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Saturday, March 9th, 2013
By William Kincaid
Community reaches out to ill resident
CELINA - A young man beset with an incurable disease is not alone in his medical struggle.
The community has responded with an outpouring of love and support for 28-year-old Andy Giesige, who recently was hospitalized for complications from Ehlers-Danlos syndrome.
Businesses in Celina have posted messages asking people to pray for Giesige, a Facebook page called Prayers For Andy popped up this week and has attracted more than 3,300 members and a candlelight vigil is set for 9 p.m. tonight in front of the Mercer County Courthouse.
People contacted by the newspaper and posting on Facebook said Giesige, a store manager at Friendly Markets IGA, is a kind, warm-hearted man who's quick with a smile and prone to going out of his way to help others. He is the son of Fred and Ann Giesige.
"Andy is one of those kids (who's) always nice to everybody and always has a smile on his face," his stepmother Ann Giesige said Friday morning.
Giesige's biological mother, Teresa Barhorst Giesige, died when she was 30, and his older brother Brad died on Easter Sunday 2004, both from the same rare inherited disorder known as Ehlers-Danlos syndrome. The family learned of the disease after an autopsy was performed on Brad.
Ann Giesige described the ailment as a vascular, connective tissue disorder that results in fragile, weak veins and arteries given to aneurisms and ruptures. There is no cure for Ehlers-Danlos syndrome and complications are treated as they occur, she said.
Andy was hospitalized in Fort Wayne earlier this week. As of Friday morning, the family was experiencing a small ray of hope in his condition, she said.
The family is going second-to-second and day-to-day and considers each day with Andy a gift, she said.
Andy and his family were overwhelmed when they saw the community support and Facebook page.
"It's given Andy a lot of comfort," she said, adding he's also humbled.
She also hopes the support generated for Andy brings with it an awareness of the disorder.
Della Shively, who works at Friendly Markets IGA, said she couldn't ask for a better boss.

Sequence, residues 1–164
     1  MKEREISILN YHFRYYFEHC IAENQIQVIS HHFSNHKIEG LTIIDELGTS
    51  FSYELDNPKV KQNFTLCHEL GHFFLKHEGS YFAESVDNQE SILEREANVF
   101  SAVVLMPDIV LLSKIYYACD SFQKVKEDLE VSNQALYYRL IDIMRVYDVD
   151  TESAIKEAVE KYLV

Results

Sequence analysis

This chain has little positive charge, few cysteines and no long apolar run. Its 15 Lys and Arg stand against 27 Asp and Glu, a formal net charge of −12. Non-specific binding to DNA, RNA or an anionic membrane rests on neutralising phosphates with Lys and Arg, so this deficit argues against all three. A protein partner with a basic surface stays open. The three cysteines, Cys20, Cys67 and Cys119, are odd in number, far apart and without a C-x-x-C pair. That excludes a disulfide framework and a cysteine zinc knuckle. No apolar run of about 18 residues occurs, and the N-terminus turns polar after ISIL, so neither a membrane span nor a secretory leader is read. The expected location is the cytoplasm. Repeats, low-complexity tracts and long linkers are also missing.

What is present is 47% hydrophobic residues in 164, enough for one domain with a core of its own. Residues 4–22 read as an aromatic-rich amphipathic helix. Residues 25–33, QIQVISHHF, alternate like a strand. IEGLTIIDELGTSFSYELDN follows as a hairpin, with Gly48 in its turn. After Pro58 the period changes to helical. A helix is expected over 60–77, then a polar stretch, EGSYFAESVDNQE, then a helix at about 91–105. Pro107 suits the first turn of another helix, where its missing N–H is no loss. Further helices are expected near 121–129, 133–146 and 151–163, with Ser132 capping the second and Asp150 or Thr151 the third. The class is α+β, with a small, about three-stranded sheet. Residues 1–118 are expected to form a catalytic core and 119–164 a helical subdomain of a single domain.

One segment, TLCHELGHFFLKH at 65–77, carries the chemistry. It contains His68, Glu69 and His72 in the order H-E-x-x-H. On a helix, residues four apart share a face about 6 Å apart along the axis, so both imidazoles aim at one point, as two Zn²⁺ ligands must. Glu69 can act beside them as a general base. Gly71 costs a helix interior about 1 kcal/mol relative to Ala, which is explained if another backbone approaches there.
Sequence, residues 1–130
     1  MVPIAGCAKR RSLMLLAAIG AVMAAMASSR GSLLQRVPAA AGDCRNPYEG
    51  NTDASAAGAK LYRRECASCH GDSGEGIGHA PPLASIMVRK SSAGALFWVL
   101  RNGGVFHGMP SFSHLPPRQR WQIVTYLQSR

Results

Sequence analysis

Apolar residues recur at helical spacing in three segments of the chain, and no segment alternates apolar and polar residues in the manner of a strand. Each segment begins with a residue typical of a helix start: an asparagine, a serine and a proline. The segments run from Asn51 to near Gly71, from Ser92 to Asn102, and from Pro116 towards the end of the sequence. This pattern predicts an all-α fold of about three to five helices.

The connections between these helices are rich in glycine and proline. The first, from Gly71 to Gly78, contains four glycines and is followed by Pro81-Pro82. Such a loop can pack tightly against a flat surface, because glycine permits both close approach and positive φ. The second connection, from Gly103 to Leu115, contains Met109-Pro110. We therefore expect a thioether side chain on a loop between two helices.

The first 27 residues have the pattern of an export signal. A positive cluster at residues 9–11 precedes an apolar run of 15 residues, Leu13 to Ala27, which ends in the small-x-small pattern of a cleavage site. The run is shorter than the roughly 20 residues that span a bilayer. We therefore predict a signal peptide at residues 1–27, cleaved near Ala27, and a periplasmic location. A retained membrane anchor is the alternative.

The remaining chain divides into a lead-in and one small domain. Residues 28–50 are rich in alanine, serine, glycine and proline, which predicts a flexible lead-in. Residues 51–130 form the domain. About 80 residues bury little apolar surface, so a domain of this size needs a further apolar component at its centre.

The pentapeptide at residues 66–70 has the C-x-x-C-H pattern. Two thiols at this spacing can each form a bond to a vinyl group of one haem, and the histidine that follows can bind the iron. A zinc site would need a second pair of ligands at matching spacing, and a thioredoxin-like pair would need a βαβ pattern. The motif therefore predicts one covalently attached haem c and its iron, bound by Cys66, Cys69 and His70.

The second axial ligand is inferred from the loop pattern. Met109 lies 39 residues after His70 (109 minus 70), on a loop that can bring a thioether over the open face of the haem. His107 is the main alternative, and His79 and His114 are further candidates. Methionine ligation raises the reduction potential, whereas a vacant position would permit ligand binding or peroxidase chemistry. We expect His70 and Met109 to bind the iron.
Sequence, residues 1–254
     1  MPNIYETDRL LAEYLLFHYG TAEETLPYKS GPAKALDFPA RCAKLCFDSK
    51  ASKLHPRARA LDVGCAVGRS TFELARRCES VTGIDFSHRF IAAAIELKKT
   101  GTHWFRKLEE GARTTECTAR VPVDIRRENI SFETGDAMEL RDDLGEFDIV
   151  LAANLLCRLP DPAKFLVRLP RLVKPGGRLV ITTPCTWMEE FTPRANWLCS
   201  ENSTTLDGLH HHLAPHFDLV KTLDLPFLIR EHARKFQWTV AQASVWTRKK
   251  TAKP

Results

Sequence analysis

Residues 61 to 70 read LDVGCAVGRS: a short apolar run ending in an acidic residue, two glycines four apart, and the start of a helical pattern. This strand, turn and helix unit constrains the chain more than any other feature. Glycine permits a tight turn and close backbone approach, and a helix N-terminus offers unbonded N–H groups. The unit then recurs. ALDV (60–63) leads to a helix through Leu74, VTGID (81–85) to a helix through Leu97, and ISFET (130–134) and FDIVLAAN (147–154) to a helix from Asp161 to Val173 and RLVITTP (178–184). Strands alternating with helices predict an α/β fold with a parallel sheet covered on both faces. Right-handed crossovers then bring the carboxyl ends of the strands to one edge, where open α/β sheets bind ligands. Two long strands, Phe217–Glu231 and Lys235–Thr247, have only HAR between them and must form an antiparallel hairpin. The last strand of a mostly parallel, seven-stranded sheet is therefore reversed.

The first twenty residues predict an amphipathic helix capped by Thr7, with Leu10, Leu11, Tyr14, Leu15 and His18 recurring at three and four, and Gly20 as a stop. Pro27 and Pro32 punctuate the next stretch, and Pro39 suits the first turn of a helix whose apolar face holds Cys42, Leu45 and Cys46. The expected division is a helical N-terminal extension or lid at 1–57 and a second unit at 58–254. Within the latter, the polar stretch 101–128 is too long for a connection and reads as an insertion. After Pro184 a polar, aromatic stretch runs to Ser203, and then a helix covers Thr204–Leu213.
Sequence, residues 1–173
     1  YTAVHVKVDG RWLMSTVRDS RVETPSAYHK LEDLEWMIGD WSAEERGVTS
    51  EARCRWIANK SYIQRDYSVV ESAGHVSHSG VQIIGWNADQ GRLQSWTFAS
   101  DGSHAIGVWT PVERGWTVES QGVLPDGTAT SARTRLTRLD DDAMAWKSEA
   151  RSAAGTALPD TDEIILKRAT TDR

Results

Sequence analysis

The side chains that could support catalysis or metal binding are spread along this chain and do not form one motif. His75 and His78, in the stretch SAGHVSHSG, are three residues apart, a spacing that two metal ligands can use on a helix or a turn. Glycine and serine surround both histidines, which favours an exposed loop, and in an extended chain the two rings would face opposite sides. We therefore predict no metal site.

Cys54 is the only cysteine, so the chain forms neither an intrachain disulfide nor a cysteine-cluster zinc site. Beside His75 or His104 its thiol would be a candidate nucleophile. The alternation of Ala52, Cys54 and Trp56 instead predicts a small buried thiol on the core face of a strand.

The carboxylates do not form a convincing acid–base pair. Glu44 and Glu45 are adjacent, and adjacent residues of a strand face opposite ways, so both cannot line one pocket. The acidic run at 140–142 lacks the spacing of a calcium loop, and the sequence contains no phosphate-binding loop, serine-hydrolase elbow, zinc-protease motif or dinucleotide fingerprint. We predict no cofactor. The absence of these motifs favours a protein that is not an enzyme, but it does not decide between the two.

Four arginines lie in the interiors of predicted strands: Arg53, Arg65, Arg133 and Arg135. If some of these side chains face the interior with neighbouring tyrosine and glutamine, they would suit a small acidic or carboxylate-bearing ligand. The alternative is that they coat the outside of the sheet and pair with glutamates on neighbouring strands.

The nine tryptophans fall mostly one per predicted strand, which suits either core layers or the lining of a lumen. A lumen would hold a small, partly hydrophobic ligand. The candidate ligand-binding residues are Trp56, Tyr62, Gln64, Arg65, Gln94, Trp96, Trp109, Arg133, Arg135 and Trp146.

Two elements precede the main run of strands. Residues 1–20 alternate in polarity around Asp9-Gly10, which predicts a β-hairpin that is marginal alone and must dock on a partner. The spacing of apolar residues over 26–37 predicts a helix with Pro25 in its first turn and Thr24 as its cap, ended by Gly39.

"He's an amazing guy," she said. "He's too young to be going through what he's going through."
It's been an emotional week at the market as almost every customer has inquired about Andy and offered their goodwill, she said.
Co-owner and uncle Dave Giesige said Andy was instrumental in getting the market up and running three-and-a-half years ago, often putting in as much as 90 hours a week. He is a key player in the store's operation - he manages, delivers and handles all technological aspects.
"I need the guy back in here," he said.
Noting that his nephew is fighting for his life, Dave Giesige recalled telling Andy to be brave and fight the fight.
He spoke of his nephew as a man with a care-free attitude beloved by his customers. He said Andy is open to helping people out and allows store credit for customers having a difficult time making ends meet.
Kim Elliot, who knows Andy as the manger at the IGA, set up the candlelight vigil with the help of other friends, including Nicole Rolfes Simmons.
"My heart was drawn to him, and I started a Facebook group (that) started with five people," she said.
As of Friday afternoon, Prayers For Andy - the page marked with a white bird - was closing in on 3,200 people.
Elliot said prayers are coming in from as far away as California, New Jersey and Japan.
In addition to being invited to the candlelight vigil tonight, the public is encouraged to leave their porch lights on in support of Andy.
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